Internet-able smartphones have been out on the market for long enough, and offered by enough major device makers, that now might be a good time to assess the state of the web browser in the never-ending smartphone contest. Especially since now is when a whole bunch of exciting announcements have come out by makers of that very software we count on to get online – web browsers.
Any article that claims to summarize the current state of smartphone web browsers must start with Opera Mini, as it is far and away the best web browser the mobile device market has yet produced. Yes, better than Apple’s Safari, better than the Blackberry Browser. And certainly better than Windows’ troubled IE.
And now Opera has jus announced the beta launch of the next Opera Mini upgrade, Opera Mobile 9.5. Once again the best is getting better, which is as it should be.
Also recently announced was the impending arrival on the smartphone scene of one of the most popular web browsers in the desktop and laptop markets among both Windows and Apple users – Mozilla Firefox. This Linux-based browser has been eagerly-awaited by its devoted fans since smartphones first went online. And now their…our wish is being answered.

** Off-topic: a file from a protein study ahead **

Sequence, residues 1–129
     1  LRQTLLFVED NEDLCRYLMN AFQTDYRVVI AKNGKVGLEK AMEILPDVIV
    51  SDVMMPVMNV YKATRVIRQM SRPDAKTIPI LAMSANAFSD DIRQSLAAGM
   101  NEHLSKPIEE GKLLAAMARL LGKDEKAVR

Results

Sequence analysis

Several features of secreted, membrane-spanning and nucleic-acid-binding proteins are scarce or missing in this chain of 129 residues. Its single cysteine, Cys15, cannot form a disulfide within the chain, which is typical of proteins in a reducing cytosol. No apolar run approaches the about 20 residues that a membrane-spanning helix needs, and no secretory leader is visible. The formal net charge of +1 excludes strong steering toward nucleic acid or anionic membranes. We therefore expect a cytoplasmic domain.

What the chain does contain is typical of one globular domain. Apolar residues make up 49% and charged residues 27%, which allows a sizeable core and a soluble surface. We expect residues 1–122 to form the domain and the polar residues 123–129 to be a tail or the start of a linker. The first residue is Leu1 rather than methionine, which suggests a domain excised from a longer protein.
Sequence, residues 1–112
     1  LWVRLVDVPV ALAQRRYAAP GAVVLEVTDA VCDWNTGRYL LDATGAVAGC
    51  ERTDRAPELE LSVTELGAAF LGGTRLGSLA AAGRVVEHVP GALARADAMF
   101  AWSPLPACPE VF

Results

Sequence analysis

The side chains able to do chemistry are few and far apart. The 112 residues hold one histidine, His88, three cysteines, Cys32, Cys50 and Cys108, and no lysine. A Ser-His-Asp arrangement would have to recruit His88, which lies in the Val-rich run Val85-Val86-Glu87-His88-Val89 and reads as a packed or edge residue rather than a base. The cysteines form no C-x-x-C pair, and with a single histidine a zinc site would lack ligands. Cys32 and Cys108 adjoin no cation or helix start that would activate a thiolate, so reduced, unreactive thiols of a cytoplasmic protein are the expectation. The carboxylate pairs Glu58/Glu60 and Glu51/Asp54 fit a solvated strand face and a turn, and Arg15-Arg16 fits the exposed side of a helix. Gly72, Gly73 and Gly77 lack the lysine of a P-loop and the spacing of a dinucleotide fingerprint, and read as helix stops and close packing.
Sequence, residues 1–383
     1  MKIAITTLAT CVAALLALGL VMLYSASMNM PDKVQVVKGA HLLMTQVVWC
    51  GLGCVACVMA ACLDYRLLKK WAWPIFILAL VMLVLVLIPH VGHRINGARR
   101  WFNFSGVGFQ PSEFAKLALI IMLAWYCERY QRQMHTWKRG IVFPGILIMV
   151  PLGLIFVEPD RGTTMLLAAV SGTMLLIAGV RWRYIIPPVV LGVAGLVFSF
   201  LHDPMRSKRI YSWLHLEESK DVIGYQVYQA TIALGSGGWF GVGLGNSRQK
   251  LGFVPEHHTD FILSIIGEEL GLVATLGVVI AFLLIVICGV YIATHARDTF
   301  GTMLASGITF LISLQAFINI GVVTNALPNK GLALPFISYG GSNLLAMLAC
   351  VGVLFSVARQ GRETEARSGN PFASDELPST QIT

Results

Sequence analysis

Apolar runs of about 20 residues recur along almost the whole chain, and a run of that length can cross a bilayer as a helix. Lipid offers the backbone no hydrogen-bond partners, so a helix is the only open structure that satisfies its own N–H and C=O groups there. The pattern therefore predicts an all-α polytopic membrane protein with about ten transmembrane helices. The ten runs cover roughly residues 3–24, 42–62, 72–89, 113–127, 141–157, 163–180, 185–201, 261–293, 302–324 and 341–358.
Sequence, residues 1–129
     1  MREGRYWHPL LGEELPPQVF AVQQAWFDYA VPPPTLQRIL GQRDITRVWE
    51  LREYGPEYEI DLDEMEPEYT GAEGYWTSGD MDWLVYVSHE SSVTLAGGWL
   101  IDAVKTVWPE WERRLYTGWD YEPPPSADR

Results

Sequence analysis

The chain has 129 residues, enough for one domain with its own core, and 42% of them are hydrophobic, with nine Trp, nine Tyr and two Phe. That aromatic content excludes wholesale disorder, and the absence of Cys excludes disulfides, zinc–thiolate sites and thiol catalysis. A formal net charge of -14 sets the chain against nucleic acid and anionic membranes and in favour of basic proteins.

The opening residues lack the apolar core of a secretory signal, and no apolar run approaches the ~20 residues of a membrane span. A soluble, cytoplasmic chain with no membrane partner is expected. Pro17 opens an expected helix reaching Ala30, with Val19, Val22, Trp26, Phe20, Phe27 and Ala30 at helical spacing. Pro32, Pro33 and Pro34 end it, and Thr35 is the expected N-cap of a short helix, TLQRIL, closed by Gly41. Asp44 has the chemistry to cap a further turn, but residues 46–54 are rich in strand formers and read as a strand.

A start-up named Skyfire Labs is also planning a smartphone browser launch sometime soon, but what we can expect of it is anybody’s guess. The Skyfire browser will be what’s called a “thin-client” browser, basically meaning that it runs with limited resources of its own, mostly running with the aid of Mozilla’s servers and Firefox desktop browser. Both the Firefox and Skyfire mobile browsers will initially be released, as expected, in beta form.
Personal favorites aside, the statistics cite Apple’s Safari/iPhone web browser as the reigning champ among U.S. smartphone users (this according to StatCounter), and number two globally. The number one browser worldwide, interestingly enough, has yet to be mentioned in this piece – that being Nokia’s. (And to think, all this time we though they were just the best smartphones for making actual phone calls.)
The big improvement that all smartphone web browsers have either implemented or will be wise to any day now is the integration of the desktop interface with the mobile content delivery format. Now users browsing the web on their handhelds can view a full-screen window of the entire web page (minus scroll-downs of course) just like they would on their desktop or laptop. Then to read a specific portion of the page, they just move a sort of magnifying glass over the section with their cursor and zoom in.
In the past, users could only view web pages reformatted in a messy, clunky single column resembling nothing like the web pages they’re familiar with. This made navigation next to impossible, even if one was already familiar with the layout of the web page (as it would appear on a full-sized computer). Thank goodness for progress.